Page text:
“I interviewed Donald Trump, he was in Washington, D.C., to tout his new hotel, and I wanted publicity for the radio station,” Francavilla recalled.

Francavilla remembers approaching Trump and slipping him a note to read during a press conference. Trump looked down at the paper, then read clearly into the microphone, “Hi, this is Don Trump, and when I’m in Washington, I listen to WPGC All Business Radio 1580 AM.”

The next morning WPGC’s name was splashed across the major Washington, D.C., newspapers, from the Washington Post to the Washington Times.

“It was written about,” Francavilla said. “It gave me a reputation as a go-getter in journalism.”

Francavilla has also never shied away from getting in the action to get a story. She has covered a plethora of natural disasters, from flooding in Peru, to tornados, to Hurricane Katrina.

“Katrina was really scary,” Francavilla said. “In a disaster, people become very insecure and afraid, and that makes them very dangerous.”

Francavilla was dispatched to Pascagoula and Biloxi, Miss., to cover the aftermath of the hurricane. While there, she drove through some of the most devastated areas to expose the true impact of the storm.

“I went by myself, and the sun was beginning to set,” Francavilla said, recalling the scenes of destruction and the feeling of unease and fear while driving through an unfamiliar place. “It wasn’t for wimps.”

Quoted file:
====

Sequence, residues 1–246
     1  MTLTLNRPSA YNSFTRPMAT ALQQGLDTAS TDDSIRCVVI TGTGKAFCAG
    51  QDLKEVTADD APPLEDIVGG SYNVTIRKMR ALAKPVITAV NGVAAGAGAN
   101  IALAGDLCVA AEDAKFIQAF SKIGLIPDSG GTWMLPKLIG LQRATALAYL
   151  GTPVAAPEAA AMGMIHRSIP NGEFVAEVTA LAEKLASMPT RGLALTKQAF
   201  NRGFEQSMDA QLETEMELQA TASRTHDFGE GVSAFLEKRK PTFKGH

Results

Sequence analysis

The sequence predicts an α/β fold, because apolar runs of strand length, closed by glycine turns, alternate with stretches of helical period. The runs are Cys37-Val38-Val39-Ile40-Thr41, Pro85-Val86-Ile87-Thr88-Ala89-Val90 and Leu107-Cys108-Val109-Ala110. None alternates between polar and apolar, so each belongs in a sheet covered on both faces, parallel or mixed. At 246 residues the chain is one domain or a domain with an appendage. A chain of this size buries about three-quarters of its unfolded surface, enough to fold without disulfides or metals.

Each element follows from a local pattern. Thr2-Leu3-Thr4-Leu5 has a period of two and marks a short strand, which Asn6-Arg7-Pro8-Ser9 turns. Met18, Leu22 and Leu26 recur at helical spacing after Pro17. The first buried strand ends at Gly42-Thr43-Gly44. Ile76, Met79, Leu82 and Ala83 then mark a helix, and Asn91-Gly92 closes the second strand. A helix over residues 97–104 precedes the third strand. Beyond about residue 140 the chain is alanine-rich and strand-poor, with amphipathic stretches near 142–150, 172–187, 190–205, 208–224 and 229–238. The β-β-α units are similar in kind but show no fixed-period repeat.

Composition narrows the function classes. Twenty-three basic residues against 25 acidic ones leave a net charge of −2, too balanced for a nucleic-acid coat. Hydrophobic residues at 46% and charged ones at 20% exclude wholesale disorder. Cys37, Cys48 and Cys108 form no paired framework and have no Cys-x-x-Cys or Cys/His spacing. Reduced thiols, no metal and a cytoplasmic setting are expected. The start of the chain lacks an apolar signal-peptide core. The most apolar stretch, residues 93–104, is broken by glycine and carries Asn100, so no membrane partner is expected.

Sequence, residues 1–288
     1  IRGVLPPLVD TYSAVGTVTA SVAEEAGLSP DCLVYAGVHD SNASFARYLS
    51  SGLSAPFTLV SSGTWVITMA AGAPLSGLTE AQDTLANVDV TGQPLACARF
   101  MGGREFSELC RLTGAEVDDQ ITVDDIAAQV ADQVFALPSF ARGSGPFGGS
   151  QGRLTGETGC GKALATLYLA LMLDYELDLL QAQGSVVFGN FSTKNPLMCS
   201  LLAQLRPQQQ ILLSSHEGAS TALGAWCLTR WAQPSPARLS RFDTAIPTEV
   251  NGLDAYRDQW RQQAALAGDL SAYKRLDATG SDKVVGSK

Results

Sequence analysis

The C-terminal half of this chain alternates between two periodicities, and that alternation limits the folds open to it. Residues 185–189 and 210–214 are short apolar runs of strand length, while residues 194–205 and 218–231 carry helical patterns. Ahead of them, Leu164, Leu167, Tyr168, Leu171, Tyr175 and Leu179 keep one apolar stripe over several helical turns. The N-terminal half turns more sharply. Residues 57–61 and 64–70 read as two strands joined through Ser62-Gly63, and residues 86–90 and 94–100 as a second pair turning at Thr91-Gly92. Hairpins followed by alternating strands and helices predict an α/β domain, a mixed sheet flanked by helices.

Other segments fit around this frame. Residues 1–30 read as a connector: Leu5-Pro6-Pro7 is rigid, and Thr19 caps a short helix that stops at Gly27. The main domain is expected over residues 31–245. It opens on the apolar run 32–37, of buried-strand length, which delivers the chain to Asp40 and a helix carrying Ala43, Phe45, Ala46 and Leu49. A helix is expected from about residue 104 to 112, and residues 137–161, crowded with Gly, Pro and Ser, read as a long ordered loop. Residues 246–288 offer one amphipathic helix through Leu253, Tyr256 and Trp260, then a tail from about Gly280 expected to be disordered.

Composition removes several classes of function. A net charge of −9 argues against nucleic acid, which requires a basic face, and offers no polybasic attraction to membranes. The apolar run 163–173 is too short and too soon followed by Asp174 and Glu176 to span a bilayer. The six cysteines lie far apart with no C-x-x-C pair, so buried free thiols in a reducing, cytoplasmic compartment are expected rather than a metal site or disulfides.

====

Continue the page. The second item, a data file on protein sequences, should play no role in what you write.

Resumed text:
No slowing down

With four adult children and an infant grandchild, Francavilla has stepped away from the newsroom, but not away from the news industry. On the second floor of her quiet Greystone home is Francavilla’s home office—a fully-equipped recording studio.

In the case of a big or unexpected event, CBS often calls on Francavilla to cover it. In the past few months alone, she covered Pope Francis’s first visit to the United States and the federal trial over police use of pepper spray in schools.

Francavilla records the stories in her home studio, then sends them to Nagler at the CBS headquarters in New York City. From there, Francavilla’s voice is broadcast over 400 stations across the country.

When she’s not out covering stories for CBS, Francavilla can be found immersed in research for her position as the Italy chairman of the Birmingham Sister Cities Project or donating her time to her church, St. Mark the Evangelist Parish.

“At church, she’s really involved with a lot of ministries,” Robert Sbrissa, a fellow member of St. Mark’s, said.

Sbrissa approached Francavilla several years ago to see if she’d be willing to help him put on the annual Feast of St. Mark Italian Food Festival.

“She jumped on board right away,” Sbrissa said. “The feast, in particular, is something she’s quite connected to on a personal level.”

Francavilla lent her skills, honed in the news world, to the event. Sbrissa estimated she put in more than 10 hours each week recording and coordinating advertising, and creating news releases to promote the event.

Francavilla’s perseverance, skill and go-getter work ethic that earned her success in the news industry carry over into all she is involved in.

“When she gets involved with something, she’s all in,” Sbrissa said. “When Donna does something, she’s not going to do it half way.”